Brianna My Lovely Horse
Animal Welfare

Horse charity raises concerns as it records its first case of suspected bestiality in ten years

The horse suffered internal damage and scarring, according to an animal welfare group.

AN ANIMAL WELFARE charity says it has recorded its first suspected case of bestiality since being founded ten years ago. 

The horse suffered internal damage and scarring apparently after being sexually abused by its owner, according to My Lovely Horse Rescue.

It was taken from its owner in another county after the group received a report about the allegations, and it now lives at the organisation’s centre in Kildare.

My Lovely Horse Rescue is now encouraging people to speak up where they believe animals are being mistreated.

The charity, which was founded in 2011, has highlighted the case of Brianna, a mare which they contend was seriously harmed apparently by the actions of its owner prior to coming to their centre last year.

Veterinarian John Drum inspected Brianna at the Kildare centre last August. He told The Journal that the animal had external and internal injuries, including damage to two parts of the horse’s genitals, leading the horse to become incontinent.

“There was a lot of damage to the vagina and she was pooling a lot of urine and not able to control it. That led to a lot of scalding on the back legs,” he said.

He noted that he cannot confirm that abuse took place and was only responsible for inspecting the animal.

“I examined the horse and the charity can combine that inspection with the eyewitness report. I found that there was unusual damage to the back passage of the horse, and it still has scars to this day.

“I haven’t come across bestiality in 25 years but the horse was in a bad way. Horses can pick up injuries from giving birth and the like so it’s definitely a part of the horse’s life that it does incur a lot of injury in the natural course of things, but the injuries in this case were just different.”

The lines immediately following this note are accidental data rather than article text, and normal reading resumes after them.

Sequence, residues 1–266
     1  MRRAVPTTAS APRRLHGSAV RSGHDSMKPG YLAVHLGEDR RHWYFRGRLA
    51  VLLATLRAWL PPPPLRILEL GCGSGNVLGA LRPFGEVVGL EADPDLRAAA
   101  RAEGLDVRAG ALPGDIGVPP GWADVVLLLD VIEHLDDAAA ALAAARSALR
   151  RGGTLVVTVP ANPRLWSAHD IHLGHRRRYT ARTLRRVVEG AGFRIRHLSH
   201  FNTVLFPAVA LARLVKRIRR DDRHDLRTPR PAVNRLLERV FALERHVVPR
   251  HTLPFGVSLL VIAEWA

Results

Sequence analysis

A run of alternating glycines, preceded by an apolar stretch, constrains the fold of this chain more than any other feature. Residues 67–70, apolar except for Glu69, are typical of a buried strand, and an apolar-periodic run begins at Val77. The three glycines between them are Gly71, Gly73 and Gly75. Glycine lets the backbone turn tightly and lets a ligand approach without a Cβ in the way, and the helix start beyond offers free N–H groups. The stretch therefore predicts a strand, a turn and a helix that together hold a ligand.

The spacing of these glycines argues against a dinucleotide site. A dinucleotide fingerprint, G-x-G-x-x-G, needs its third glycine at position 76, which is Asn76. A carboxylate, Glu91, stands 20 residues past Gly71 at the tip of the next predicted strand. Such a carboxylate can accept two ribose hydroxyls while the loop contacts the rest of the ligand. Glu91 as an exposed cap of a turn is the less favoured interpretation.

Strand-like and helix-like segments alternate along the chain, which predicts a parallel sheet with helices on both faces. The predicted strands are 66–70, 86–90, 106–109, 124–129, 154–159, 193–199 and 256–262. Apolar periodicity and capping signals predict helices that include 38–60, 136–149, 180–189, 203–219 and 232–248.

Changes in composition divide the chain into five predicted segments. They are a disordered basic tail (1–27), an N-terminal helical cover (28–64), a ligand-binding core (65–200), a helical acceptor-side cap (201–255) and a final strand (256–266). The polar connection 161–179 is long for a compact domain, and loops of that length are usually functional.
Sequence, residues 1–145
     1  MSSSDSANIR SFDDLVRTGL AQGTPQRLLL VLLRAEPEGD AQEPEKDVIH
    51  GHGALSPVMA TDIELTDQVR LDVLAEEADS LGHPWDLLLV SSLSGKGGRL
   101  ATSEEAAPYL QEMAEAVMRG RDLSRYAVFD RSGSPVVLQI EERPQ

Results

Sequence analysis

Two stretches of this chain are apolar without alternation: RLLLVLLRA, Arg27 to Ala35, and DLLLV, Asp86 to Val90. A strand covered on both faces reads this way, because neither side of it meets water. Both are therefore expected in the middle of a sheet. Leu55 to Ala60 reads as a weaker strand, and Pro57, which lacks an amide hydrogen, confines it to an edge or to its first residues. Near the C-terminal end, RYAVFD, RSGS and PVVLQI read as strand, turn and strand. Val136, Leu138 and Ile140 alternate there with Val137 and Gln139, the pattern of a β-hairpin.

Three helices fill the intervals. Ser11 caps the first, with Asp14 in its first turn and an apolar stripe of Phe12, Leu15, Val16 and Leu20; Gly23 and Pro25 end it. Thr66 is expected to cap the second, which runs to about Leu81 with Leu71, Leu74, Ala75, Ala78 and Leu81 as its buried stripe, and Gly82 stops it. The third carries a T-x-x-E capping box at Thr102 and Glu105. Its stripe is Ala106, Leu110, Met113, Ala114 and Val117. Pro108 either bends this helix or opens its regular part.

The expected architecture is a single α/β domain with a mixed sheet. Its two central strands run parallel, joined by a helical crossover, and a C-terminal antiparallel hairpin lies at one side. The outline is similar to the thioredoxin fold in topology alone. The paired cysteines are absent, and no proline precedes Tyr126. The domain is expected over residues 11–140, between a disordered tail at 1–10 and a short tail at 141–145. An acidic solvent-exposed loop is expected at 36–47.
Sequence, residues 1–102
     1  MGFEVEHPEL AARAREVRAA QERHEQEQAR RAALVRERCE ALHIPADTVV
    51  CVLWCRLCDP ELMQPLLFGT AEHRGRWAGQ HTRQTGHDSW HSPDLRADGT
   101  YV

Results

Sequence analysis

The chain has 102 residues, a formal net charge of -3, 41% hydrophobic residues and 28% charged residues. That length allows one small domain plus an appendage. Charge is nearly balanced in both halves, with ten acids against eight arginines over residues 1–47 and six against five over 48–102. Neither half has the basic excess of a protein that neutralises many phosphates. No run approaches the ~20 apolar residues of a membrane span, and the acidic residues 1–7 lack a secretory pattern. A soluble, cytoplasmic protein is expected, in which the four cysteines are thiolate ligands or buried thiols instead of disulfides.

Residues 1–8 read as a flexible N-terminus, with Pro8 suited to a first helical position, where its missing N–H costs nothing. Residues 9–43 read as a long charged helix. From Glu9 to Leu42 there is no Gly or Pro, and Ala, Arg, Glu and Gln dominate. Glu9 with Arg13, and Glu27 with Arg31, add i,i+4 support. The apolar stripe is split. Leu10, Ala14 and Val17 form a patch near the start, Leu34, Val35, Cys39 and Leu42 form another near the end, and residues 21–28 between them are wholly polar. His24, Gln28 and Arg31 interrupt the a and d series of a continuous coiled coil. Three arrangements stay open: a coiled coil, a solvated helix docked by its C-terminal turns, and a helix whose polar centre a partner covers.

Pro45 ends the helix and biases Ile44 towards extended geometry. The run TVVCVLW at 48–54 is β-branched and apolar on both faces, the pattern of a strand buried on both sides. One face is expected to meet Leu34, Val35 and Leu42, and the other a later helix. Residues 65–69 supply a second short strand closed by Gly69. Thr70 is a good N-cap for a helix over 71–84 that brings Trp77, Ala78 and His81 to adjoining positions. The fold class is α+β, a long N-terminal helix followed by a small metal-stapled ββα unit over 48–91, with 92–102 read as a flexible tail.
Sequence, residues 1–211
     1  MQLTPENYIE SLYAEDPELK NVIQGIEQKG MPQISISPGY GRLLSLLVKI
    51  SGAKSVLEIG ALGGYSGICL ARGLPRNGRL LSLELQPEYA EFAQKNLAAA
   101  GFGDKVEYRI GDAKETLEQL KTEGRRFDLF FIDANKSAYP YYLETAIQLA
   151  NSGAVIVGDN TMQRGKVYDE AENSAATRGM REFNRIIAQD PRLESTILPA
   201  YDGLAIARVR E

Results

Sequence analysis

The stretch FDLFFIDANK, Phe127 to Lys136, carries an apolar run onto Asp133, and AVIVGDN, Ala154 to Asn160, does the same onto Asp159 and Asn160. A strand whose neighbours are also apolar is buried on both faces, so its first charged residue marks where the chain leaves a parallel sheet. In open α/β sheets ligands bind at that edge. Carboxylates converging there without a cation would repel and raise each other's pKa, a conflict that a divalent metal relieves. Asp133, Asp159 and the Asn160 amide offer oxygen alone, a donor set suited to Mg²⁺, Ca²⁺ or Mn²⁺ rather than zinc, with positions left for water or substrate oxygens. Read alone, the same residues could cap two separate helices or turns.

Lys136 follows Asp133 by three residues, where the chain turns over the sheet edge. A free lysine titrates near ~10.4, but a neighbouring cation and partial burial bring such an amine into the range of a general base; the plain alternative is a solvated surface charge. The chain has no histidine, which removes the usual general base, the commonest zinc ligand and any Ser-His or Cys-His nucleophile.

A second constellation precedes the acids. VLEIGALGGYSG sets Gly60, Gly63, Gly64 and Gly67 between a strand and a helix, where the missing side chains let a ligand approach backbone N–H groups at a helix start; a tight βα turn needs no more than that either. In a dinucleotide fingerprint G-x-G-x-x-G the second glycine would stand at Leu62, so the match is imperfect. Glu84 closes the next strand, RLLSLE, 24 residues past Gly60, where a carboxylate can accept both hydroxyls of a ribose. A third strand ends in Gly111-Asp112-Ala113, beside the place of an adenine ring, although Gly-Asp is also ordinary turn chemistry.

Drum has seen Brianna a number of times since as part of his work with the charity, and while she is doing better, she has “permanent damage” to her body.

The charity’s co-founder, Martina Kenny, said it had been contacted by two witnesses who said they had seen the abuse take place “numerous times” at the farm.

“We can see the damage that’s been done,” Kenny said.

“My god, she [Brianna] was angry when she first came to us. We’ve spent a fortune on her already with vets and a physio, and she may have to get an operation. Some people think animals don’t feel pain but they do, they just can’t talk about it.”

It is believed there were no other horses at the farm at the time.

The charity updated the horse’s documentation to ensure it now legally belongs to the charity and then gave it the name Brianna. 

While My Lovely Horse Rescue encouraged the witnesses to report the allegations to gardaí, they declined. No investigation has taken place. 

“The person who did this to Brianna is a well known person in the community and the witnesses – they’re not from Ireland – won’t say anything, and I can’t blame them because they live too close,” Kenny added.

“It would really cause a lot of hardship for them in the [area] they’re in and they just feel if they were to say anything it would cause ramifications for them. But the case can’t be prosecuted because of it.”

The owner has not tried to reclaim the horse since it was taken in by the charity. 

The law against bestiality in Ireland dates back to 1861, and notes that anyone convicted of the crime will be liable “to be kept in penal servitude for life”.

There have been fewer than ten prosecutions taken under the legislation in the last three years. 

It is believed the horse was not registered with the Department of Agriculture, Kenny said. This would have made it legally difficult to identify the owner if a case was taken, she added. 

My Lovely Horse Rescue, which works with local authorities on animal welfare in Dublin, Cork and Kilkenny, was founded in 2011 and has expanded to working across the country to shelter animals of all kinds from neglect and abuse. 

Kenny said the group still sees “an awful lot of neglect and abandonment” of horses but that it had never come across a case similar to that of Brianna previously.

“This is why people really need to speak out if they believe something like this is happening, it shouldn’t be ignored just because the victim is an animal.”

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